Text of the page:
Published: Thursday, January 31, 2008 at 6:01 a.m.
Last Modified: Wednesday, January 30, 2008 at 3:33 p.m.
The story lines are unabashedly goofy. Cavemen invent the wheel to transport a beer cooler made of stone, and a car buyer enlists the help of a tribal warrior in case he needs some extra negotiating leverage at the dealership.
For most of us, Super Bowl ads make fine entertainment. But for the advertisers who make and buy them, Sunday is white-knuckle time.
The blogging boom has created crowds of armchair critics; the price for a 30-second spot is up again, to $2.7 million; and a writers strike has wiped out many other opportunities to reach mass audiences by putting scripted dramas such as ‘‘Desperate Housewives’’ on hold.
Even against odds like these, many major marketing powers and a few first-timers couldn’t resist the opportunity of reaching more than 90 million people in a single shot — something increasingly hard to do in any medium.
Advertisers still love the Internet for its ability to deliver measured results from click-throughs and carve audiences into tiny segments. But only the largest of television’s events — the Super Bowl, the Olympics, the Oscars and the Grammys — have the muscle to pull in tens of millions of people in real time.
The placement is great if they have a winning ad, not so great if the ad tanks. Last year’s viewership of 93.2 million was close to the all-time record of 94.1 million set in 1996, and many believe that record could be surpassed this year.
The Super Bowl continues to draw new advertisers, including Planters packaged nut company, part of Kraft Foods Inc., as well as Cars.com, an online auto classified advertising company co-owned by the newspaper publishers Gannett Co., McClatchy Co., Tribune Co., Washington Post Co. and Belo Corp.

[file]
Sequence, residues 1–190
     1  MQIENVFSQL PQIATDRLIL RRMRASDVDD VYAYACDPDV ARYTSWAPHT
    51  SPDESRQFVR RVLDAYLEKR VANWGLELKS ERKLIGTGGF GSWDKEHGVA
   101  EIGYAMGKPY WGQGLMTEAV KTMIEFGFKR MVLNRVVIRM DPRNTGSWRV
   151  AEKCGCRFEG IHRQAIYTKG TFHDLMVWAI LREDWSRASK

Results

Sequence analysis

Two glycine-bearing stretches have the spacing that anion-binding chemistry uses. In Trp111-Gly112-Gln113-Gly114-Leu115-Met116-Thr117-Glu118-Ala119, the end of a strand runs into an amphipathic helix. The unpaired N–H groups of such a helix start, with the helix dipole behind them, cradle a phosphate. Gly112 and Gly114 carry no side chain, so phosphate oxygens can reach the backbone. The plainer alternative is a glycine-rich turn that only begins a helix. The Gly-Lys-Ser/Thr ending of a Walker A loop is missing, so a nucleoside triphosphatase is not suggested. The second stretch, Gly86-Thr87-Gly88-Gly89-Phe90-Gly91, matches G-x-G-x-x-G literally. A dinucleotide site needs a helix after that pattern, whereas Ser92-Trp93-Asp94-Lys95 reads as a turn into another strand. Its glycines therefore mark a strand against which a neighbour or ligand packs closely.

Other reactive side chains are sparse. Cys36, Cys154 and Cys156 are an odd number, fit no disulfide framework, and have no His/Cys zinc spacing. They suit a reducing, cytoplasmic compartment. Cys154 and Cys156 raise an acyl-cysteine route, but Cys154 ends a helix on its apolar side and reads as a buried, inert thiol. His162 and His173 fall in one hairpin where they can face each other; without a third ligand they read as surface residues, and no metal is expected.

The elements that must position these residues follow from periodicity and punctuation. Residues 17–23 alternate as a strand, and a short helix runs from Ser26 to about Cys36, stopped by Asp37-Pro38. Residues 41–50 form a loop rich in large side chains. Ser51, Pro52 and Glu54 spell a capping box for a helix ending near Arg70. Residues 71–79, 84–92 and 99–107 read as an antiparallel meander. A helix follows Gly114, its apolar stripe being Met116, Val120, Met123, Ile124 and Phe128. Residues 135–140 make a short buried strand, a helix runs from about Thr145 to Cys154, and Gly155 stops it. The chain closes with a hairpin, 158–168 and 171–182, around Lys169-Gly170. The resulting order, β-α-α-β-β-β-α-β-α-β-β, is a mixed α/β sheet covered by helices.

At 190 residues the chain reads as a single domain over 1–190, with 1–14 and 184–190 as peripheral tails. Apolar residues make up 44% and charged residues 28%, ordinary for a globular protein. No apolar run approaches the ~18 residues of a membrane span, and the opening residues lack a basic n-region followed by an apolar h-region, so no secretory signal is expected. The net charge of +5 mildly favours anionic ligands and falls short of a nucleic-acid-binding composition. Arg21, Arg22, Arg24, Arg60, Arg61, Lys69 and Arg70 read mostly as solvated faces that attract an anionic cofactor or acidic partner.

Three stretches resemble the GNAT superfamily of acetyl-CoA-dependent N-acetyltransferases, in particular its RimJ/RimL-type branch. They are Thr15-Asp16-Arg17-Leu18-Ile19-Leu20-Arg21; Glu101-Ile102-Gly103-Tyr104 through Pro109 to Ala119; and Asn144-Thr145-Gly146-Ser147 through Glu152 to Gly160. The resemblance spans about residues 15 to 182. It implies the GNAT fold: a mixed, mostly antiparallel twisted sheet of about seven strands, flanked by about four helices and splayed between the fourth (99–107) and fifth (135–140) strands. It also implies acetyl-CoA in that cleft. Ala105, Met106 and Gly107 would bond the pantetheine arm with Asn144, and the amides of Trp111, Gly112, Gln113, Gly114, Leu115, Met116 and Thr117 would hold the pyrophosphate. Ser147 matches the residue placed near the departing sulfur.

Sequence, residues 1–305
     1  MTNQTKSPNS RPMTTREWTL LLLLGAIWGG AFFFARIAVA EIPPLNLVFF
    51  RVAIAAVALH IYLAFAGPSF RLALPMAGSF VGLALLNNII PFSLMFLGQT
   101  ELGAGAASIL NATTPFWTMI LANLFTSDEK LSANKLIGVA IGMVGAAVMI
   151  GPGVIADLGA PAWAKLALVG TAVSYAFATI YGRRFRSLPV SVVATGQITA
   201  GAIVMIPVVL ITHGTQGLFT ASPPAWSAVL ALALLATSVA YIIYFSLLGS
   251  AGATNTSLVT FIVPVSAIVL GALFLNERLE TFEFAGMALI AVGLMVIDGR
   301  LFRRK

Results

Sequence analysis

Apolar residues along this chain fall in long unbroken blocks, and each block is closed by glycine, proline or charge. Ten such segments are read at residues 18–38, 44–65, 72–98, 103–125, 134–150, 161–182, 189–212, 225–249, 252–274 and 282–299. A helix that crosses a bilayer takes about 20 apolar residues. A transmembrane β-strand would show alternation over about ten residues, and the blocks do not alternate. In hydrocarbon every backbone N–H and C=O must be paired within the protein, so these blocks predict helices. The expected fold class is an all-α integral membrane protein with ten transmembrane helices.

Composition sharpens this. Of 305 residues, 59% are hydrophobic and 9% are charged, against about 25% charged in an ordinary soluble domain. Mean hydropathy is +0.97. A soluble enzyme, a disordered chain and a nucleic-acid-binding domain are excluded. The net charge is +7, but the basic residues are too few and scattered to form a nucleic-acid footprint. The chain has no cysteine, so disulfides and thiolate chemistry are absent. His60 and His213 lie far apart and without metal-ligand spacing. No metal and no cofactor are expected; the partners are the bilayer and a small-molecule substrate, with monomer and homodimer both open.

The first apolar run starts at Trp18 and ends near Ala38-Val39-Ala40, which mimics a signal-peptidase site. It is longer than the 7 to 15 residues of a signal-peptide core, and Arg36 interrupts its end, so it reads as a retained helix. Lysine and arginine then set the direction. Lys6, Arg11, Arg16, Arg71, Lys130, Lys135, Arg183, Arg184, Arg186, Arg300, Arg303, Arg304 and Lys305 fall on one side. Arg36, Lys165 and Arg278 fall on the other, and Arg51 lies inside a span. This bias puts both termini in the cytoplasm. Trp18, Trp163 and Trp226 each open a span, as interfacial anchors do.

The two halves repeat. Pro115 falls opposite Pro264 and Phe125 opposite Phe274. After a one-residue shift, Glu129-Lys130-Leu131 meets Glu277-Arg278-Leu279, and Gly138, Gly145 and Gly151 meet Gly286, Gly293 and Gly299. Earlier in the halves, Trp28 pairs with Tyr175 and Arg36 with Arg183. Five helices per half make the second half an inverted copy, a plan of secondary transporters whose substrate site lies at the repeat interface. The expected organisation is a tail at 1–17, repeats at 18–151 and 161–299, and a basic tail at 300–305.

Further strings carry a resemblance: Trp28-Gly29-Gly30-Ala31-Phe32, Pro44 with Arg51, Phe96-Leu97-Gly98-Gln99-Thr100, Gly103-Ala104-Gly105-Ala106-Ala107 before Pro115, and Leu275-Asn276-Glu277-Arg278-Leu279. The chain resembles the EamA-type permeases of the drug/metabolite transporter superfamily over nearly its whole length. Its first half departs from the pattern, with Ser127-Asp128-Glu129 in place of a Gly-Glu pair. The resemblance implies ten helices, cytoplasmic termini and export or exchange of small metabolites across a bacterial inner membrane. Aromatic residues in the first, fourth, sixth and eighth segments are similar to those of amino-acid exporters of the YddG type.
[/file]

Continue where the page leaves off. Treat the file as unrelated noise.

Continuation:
No neophyte in the advertising world, Kraft decided a Super Bowl spot was well worth the money last year as it began repositioning Planters beyond the $3 billion packaged nuts business. Planters now competes in the $20 billion market of salted snacks, which includes potato chips, pretzels and popcorn.
Tire maker Bridgestone Firestone North America, another first-timer, is jumping in with two spots and sponsorship of the halftime show.
One ad features a car accelerating toward Richard Simmons as he dances on a road at night. In the other, a woman screams as the car she’s riding in approaches a squirrel nibbling on an acorn.
Other big advertisers are venturing back to the Super Bowl after long absences. Audi is coming back to the game after nearly 20 years with a Godfather-themed spot. And Coca-Cola, whose main brand was back in the game last year for the first time since 1998, will have three or four spots this year.
Katie Bayne, chief marketing officer for Coca-Cola Co. in North America, said the company is currently testing 11 ads with viewers and will pick a winner to run on game day — a strategy that’s also used by Anheuser-Busch, traditionally the biggest advertiser in the game.
Bayne said Coke viewed TV events like the Super Bowl, big NASCAR races and the NCAA basketball tournament as ‘‘critical’’ for getting the company’s marketing message out.
Ratings from the game, being broadcast from Phoenix, are sure to boost Fox network, which is already well-positioned thanks to football and ‘‘American Idol,’’ the ratings powerhouse unaffected by the writers strike because it’s not scripted.
The $2.7 million for a 30-second spot Fox is getting is up from the $2.6 million CBS got last year.
Reader comments posted to this article may be published in our print edition. All rights reserved. This copyrighted material may not be re-published without permission. Links are encouraged.
Comments are currently unavailable on this article